Close Close

Retirement Planning > Social Security

Bill Would Stop Government From Taking Social Security Benefits to Pay Student Loans

Your article was successfully shared with the contacts you provided.

Senate Finance Committee lawmakers introduced a bill Thursday to stop the federal government from garnishing Social Security benefits to pay for federal debts, like student loans.

Ranking Member Ron Wyden, D-Ore., and Sen. Sherrod Brown, D-Ohio, along with five Senate Democrats introduced the legislation, the Protection of Social Security Benefits Restoration Act.

The bill would repeal a 1996 change in law that allowed earned benefits to be garnished to collect federal debts like student loans.  

“Americans are getting hit by a wrecking ball of increasing college costs, and the last thing they can afford is to have their Social Security benefits reduced to pay off student loans,” said Wyden in a statement. “Students and their families in Oregon and across the country who have worked to earn their benefits should not be penalized for trying to improve their lives and keep up with the climbing price of higher education.”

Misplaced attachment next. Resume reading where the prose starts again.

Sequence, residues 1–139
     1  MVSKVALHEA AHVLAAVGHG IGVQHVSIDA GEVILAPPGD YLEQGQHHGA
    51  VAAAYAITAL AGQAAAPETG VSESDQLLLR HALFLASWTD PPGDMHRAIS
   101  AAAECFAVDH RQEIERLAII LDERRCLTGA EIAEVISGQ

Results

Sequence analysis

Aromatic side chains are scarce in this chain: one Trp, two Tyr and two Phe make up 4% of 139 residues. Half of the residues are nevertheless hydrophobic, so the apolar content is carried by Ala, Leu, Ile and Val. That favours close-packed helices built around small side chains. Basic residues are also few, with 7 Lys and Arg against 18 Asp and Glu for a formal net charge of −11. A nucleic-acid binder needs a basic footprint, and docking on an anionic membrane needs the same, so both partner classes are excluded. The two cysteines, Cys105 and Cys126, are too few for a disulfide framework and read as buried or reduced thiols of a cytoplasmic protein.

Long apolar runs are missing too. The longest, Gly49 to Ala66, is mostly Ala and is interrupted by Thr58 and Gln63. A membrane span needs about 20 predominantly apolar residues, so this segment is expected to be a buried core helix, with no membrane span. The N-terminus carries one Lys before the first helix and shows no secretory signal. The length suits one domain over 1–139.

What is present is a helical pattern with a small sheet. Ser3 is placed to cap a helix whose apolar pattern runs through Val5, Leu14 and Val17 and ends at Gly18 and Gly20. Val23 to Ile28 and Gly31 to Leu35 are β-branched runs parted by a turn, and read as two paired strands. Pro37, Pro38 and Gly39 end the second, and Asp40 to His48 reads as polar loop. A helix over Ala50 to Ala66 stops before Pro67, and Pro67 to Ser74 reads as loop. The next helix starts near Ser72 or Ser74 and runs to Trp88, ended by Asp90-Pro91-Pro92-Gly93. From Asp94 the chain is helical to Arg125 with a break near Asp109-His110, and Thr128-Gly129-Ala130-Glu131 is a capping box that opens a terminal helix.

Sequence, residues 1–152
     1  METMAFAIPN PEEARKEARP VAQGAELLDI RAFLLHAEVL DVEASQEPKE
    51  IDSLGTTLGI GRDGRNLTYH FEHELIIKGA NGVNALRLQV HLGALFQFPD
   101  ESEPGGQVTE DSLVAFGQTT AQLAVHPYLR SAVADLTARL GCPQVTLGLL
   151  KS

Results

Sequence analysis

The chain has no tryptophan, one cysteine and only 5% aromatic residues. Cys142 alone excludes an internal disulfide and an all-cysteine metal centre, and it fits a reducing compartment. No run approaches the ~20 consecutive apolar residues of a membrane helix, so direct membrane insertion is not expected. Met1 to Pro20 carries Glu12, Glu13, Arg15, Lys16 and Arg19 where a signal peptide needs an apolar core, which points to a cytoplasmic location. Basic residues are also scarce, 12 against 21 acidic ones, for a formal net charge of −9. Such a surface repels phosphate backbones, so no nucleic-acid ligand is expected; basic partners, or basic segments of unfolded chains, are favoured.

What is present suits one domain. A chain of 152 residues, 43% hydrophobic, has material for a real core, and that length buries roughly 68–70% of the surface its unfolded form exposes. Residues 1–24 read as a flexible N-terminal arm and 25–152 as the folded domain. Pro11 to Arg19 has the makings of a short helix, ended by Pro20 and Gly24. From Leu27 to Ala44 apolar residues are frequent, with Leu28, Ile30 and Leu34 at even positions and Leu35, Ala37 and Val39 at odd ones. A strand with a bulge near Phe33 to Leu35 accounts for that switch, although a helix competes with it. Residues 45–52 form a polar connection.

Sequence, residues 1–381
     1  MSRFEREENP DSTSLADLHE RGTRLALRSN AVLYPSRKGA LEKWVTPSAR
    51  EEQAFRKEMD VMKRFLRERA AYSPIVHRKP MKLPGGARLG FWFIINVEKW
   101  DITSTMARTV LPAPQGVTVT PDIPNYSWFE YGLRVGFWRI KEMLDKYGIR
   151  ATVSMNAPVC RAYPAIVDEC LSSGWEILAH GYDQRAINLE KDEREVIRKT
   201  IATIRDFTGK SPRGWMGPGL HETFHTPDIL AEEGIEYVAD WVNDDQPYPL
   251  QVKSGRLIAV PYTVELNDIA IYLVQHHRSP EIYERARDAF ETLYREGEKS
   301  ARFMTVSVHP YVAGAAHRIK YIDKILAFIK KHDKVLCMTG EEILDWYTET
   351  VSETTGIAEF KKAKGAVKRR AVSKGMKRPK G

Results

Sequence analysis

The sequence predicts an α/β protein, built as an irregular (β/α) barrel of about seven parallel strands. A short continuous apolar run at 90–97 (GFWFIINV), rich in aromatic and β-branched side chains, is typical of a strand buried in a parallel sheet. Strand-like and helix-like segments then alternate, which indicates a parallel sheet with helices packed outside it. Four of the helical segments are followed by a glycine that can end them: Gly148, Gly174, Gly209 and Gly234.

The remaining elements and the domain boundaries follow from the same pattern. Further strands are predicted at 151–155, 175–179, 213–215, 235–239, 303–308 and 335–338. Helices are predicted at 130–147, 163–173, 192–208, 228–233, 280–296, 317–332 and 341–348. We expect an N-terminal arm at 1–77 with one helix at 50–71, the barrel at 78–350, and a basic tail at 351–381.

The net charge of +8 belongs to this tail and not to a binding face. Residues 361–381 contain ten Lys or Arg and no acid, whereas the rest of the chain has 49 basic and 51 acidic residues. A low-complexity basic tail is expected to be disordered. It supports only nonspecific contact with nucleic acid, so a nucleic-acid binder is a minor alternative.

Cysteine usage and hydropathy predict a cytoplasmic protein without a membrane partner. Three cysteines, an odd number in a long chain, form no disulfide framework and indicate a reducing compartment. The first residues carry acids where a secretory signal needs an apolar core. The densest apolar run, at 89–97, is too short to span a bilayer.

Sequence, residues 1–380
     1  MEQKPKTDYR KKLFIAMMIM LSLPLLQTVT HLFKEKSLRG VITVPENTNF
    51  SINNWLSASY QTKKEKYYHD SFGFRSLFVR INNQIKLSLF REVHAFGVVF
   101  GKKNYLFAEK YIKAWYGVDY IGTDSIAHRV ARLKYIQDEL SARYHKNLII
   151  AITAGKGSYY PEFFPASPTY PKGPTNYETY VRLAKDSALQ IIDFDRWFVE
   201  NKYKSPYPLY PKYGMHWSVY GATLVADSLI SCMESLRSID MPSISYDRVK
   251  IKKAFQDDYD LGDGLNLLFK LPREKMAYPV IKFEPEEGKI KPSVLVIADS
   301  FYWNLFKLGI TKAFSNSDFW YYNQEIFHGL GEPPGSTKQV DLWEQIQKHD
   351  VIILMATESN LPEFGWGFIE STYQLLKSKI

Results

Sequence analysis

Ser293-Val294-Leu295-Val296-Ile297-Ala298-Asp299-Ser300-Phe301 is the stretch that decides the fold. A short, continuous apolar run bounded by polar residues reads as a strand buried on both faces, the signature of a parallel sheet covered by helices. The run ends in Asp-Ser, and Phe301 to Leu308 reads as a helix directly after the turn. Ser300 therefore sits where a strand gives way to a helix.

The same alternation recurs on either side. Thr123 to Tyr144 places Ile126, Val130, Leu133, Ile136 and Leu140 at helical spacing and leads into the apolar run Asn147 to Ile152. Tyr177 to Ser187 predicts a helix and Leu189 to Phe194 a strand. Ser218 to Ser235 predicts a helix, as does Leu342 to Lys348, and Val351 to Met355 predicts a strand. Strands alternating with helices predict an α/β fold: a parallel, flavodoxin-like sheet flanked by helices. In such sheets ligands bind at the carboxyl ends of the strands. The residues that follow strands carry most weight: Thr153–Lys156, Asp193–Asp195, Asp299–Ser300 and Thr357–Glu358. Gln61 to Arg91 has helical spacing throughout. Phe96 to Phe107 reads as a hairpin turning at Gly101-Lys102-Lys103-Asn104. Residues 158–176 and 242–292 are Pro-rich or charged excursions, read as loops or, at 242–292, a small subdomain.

The lawmakers note that in fiscal 2015, 860,000 individuals had their Social Security benefits reduced to pay for federal debts and the federal government collected a total of $382 million. In Oregon, 11,800 individuals had their Social Security benefits reduced to collect federal debt.

According to a September 2014 Government Accountability Office report, the number of individuals whose Social Security benefits were offset to pay student loan debt increased significantly between 2002 and 2013, from about 31,000 to 155,000.

For individuals 65 and older with student loan-related Social Security garnishments, the number grew from about 6,000 to about 36,000 over the same period.

— Check out How Lump Sums Could Help Fix Social Security on ThinkAdvisor.


© 2023 ALM Global, LLC, All Rights Reserved. Request academic re-use from All other uses, submit a request to [email protected]. For more information visit Asset & Logo Licensing.